Lightning Strikes

During the first day of games at the Vail LAREDO 3 I was working with another trainee and our crew chief, Tim Markham. Tim gave me one of the best pieces of officiating advice I had ever received when we were off the field during a lightning delay. As soon as we suspended the game Tim made a beeline for the nearest covered building. My partner and I waited under the tent for a few minutes to get our gear situated and then went over to where Tim was standing. Tim told us that if we, as the game officials, did not seek cover in a lighting delay we were not being good examples to the players, coaches or parents. He impressed upon me that it was my job to always put safety first and lead by example.

I was at a recent tournament that was suspended due to lightning. Everyone cleared the fields and sought whatever cover was available. As I made my way to where most of the officials were congregating I saw a bunch of youth players shooting on a goal. I walked over to them and told them that we were under a lightning delay and to get off the field. As I continued to make my way across the complex I saw more players and even some coaches running shooting drills or just passing the ball to each other in the middle of the fields. I once again marshaled everyone off the fields. I saw more players away from cover with their sticks in hand and I was tired of yelling so I went up to their coaches to have them get their players under safe cover. Here are the excuses I received:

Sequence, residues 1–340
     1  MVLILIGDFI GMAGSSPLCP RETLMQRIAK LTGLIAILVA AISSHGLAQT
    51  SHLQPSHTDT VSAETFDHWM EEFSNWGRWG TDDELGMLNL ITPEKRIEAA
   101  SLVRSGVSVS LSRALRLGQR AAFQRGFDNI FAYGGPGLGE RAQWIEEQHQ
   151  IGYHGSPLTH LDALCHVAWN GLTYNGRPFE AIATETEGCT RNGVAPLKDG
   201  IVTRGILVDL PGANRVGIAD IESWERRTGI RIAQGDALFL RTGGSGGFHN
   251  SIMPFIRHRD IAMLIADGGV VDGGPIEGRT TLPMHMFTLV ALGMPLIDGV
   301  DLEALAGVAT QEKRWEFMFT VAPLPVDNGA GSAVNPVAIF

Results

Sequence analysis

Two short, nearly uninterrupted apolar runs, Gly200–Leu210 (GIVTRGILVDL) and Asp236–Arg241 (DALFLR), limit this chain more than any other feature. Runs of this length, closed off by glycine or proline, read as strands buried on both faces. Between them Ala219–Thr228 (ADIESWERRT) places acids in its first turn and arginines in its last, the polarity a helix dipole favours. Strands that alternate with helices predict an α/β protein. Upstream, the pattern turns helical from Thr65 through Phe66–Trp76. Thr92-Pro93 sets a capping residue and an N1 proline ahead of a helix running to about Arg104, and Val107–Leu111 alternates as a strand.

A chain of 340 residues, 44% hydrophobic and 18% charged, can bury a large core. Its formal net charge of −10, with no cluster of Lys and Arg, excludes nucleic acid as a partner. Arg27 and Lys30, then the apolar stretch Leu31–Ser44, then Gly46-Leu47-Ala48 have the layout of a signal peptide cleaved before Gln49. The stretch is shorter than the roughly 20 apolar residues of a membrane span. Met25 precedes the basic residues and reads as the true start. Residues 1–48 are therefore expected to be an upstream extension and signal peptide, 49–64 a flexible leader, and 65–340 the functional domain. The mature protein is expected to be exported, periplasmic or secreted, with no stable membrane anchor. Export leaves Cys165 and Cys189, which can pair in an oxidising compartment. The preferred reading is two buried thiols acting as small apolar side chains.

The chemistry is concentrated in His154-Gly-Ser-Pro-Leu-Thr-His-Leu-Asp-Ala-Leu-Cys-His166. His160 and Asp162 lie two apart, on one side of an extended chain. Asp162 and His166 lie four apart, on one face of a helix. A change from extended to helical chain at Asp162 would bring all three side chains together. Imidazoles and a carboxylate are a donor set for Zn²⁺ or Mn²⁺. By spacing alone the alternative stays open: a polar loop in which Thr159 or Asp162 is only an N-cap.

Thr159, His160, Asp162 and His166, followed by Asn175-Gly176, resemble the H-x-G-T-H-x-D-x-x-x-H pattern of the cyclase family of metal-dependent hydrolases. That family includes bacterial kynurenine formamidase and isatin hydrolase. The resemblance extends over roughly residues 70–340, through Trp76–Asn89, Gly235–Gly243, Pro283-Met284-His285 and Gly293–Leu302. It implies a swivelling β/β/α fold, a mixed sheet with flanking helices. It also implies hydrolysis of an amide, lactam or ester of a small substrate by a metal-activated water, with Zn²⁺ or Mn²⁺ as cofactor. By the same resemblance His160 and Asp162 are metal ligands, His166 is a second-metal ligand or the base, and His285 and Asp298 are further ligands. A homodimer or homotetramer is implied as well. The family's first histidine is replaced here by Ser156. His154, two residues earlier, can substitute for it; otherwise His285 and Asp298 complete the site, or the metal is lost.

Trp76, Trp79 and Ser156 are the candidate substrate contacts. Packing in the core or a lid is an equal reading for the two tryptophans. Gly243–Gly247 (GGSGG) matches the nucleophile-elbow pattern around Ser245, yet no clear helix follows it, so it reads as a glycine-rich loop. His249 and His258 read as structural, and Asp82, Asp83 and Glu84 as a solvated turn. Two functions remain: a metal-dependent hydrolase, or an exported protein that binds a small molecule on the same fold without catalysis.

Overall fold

• “They’re just being kids” (which is why you need to be an adult)
  • “Their sticks are plastic” (the head of the stick is, but not the shaft)
  • “Their sticks are made of wood” (stop splitting hairs, it still makes them the tallest object on an open field)
  • “I didn’t see any lightning for a while” (because not seeing it means it isn’t in the area)
  • “They’re all thirteen, I can’t control them” (I’m sorry, but aren’t you their coach? You can control them during practices and games but not during a lightning storm?)

After all of these excuses I put on my most commanding voice and ordered every player and coach holding a stick off the fields. Since the people in charge of these teams were not going to put the safety of children first I decided to do it for them. I am more sad than anything else that coaches who repeatedly yell at me to keep the game safe would turn a blind eye to players holding metal sticks in an open space during a lightning storm.

Flash Facts About Lightning from NATGEO

US Lacrosse Policy Statement on Lightning

Cheers,
Gordon

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